Data is everywhere. We generate new data with every social media post, digital transaction, and video of kittens. Our phones collect data on where we go and how fast we got there. This deluge of data has given rise to a new industry that is devoted to understanding the bits of information that may explain who we are and what we want. While this type of data is mostly used to sell you more “stuff”; for scientists studying behavior, there is a tremendous capability to use this information for social good.
My name is Nicholas Jackson, and I’m a statistician.
My research interests are in the intersection of statistics, behavior, and public health. I hold a Master’s of Pubic Health in Biostatistics and a Master’s of Arts in Quantitative Psychology and am doctoral candidate in Quantitative Psychology at the University of Southern California. I’ve also recently worked as a Biostatistican at the University of Pennsylvania and as a Senior Statistician at the University of California, Los Angeles in the Department of Medicine Statistics Core.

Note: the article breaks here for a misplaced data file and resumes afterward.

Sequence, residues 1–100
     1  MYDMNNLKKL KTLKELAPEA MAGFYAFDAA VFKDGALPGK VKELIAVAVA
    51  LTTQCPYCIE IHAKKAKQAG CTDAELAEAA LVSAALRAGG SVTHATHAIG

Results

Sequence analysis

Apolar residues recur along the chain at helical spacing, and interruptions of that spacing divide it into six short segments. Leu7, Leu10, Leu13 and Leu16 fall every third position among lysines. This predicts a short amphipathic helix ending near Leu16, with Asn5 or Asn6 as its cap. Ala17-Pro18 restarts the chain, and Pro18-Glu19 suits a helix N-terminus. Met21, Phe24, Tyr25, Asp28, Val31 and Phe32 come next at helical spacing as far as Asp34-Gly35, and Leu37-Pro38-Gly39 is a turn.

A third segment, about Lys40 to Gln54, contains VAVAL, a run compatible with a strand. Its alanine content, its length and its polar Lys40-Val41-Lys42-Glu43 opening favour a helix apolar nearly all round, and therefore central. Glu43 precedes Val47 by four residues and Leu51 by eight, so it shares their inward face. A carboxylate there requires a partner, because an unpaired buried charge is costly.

While my opening paragraph alludes to “Big Data”, I primarily deal with “small data” from various behavioral and medical research studies. However I have an interest in the principal set of methods used to analyze big data (i.e. Statistical/Machine Learning) and how exploratory techniques reconcile with confirmatory hypothesis testing. Substantively, I explore these interests through research on socio-behavioral determinants of substance use as well as the consequences of early substance involvement.
As a statistician, I have a heavy interest in statistical computing, particularly with the software package Stata. Under the “Statistics Resources” link you can find a listing of Stata programs, useful links, and short statistical tutorial papers.